Feb 09 2017 Dvar Torah

Rabbi Apple 270x306
Rabbi Batsheva Appel

To scientists, the 8,500 year old skeleton found in the Columbia River in 1996 is known as Kennewick Man, the oldest, most complete set of remains found in North America. There have been scientific studies on what they see as an exciting find. The initial studies of the skeleton indicated that he was not related to the indigenous peoples who live along the Columbia.

To the tribes, he has always been known as The Ancient One, their ancestor, and they want him to be buried with the respect that is his due. After twenty years of lawsuits, and DNA proof that The Ancient One is genetically related to one of the five tribes in the area, he will be buried in a private location known only to the tribes this year.

I cannot help but think of Joseph, the son of Jacob, when I hear the story of The Ancient One.

Before his death, Joseph exacts an oath from his family, telling them that God will remember them, and they are to carry his bones up with them when they leave Egypt. Genesis ends with Joseph dying at the age of 110, embalmed, and placed in a casket in Egypt.

Fast forward a few centuries and the Israelites are leaving. We read that amidst all of the preparations, Moses takes the bones of Joseph fulfilling the oath. In the Midrash, Joseph’s casket was sunk in the Nile. Moses is given the location and the means to retrieve the casket before the Exodus. Joseph’s bones are carried with the Israelites on all of their journeys and will be buried as promised when they enter the Land.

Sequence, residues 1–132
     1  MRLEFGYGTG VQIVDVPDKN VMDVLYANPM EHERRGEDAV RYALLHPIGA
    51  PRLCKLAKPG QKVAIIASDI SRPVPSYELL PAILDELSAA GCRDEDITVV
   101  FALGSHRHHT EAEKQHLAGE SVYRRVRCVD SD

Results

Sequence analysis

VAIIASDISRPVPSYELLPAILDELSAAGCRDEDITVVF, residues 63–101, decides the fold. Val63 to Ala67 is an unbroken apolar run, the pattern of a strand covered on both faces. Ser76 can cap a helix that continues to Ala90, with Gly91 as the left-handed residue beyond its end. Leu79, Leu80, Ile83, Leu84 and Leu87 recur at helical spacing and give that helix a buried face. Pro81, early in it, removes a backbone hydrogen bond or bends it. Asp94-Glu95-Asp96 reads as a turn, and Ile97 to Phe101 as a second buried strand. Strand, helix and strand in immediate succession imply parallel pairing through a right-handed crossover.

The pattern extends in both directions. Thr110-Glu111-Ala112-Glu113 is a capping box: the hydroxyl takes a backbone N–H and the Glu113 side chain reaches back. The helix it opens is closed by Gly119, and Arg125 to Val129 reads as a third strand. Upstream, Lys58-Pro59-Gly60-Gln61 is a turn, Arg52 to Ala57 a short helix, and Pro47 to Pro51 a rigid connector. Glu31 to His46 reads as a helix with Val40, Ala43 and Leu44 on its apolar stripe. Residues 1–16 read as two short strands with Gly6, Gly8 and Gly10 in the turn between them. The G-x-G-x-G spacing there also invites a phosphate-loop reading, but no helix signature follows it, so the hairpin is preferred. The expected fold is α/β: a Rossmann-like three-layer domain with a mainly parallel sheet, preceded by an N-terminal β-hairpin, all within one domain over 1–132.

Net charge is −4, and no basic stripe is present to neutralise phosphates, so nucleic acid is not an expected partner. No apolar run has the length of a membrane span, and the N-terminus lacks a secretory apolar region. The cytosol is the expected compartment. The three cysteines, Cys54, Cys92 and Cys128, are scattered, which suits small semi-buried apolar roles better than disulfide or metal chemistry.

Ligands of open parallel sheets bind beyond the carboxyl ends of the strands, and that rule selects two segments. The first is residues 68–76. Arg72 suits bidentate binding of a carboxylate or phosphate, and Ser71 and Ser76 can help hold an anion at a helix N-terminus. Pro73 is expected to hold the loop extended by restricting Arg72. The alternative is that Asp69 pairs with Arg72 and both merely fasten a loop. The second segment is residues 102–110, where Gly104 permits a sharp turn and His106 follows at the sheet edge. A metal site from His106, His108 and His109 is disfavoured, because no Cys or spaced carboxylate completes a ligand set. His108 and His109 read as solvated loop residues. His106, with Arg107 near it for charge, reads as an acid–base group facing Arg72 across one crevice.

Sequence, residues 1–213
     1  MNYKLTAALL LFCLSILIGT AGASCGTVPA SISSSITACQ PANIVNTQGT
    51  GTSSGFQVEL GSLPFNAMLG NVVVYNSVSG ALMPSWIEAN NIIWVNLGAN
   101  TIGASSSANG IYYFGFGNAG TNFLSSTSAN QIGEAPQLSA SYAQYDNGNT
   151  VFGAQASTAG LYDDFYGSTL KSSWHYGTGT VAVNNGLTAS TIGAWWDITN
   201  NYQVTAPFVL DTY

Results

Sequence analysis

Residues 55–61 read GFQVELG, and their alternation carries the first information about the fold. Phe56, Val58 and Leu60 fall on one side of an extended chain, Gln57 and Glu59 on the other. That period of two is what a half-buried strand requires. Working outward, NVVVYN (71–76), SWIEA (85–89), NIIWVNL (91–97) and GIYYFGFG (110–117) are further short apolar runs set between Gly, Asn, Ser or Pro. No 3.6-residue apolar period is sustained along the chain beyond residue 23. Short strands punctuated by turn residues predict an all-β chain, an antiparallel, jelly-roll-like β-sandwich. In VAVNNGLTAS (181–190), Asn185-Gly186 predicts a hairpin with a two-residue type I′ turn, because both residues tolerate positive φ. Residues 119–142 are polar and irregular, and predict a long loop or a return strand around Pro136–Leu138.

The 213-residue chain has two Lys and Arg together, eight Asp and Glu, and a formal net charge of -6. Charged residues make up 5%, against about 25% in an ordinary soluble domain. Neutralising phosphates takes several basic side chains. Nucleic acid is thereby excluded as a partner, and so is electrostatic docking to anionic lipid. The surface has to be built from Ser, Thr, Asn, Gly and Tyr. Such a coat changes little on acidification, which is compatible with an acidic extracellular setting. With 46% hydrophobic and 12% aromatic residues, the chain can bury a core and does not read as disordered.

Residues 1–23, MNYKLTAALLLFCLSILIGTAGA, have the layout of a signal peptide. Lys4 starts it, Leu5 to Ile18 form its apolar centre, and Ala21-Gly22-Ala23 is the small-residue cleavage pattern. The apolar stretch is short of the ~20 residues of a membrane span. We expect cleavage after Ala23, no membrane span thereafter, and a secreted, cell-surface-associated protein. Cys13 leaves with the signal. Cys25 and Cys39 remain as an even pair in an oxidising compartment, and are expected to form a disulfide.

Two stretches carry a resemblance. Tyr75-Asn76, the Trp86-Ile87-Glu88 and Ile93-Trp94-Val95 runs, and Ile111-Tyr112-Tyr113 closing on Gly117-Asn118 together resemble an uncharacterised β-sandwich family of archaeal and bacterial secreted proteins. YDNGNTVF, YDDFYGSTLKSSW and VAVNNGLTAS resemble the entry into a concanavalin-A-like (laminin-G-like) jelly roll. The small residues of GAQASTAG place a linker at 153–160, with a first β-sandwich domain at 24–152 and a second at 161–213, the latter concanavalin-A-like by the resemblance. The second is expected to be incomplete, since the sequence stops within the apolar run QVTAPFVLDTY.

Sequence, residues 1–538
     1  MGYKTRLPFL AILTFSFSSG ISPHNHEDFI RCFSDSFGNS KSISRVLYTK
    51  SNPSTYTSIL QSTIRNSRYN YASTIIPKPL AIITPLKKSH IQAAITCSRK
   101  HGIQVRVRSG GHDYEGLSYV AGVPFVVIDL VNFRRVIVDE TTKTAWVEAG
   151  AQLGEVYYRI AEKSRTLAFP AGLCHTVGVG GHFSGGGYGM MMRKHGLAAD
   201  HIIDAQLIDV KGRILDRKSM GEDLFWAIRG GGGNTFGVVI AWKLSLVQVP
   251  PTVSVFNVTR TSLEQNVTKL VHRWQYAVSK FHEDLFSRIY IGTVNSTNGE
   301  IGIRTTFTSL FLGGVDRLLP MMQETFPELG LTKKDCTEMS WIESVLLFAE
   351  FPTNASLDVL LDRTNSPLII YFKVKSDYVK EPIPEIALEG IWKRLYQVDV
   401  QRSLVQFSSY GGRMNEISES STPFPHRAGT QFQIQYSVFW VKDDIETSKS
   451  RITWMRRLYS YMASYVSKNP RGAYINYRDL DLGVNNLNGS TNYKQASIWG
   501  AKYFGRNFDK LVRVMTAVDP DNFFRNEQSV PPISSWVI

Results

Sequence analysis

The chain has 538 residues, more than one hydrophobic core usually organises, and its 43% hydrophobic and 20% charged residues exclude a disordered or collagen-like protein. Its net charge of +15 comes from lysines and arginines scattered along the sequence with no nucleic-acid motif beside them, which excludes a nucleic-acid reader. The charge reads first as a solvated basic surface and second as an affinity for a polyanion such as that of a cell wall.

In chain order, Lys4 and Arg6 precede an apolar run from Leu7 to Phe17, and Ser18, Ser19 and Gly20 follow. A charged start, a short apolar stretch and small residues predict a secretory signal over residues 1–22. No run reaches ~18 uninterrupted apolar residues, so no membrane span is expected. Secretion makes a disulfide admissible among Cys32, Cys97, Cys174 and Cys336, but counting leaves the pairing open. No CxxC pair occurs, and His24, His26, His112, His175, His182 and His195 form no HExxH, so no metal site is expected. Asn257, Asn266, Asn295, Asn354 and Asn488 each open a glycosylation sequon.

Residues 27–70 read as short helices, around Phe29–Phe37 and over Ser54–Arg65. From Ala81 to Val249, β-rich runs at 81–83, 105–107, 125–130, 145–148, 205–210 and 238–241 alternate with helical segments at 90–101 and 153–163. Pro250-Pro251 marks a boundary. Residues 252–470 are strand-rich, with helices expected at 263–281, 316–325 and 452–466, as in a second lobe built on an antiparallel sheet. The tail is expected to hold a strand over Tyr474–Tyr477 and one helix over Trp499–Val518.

What can we learn from Joseph? To look beyond this moment and see the big picture. Joseph forgives his brothers for selling him into slavery, because, as he says to them, “it was to save life that God sent me ahead of you” and “it was not you who sent me here, but God.” Joseph also sees that he will not be buried in Canaan until God takes notice of them and brings them up from Egypt.

What can we learn from The Ancient One? It is a reminder of kavod hameit, that the honor of the dead requires us to treat them with respect, no matter how old they are.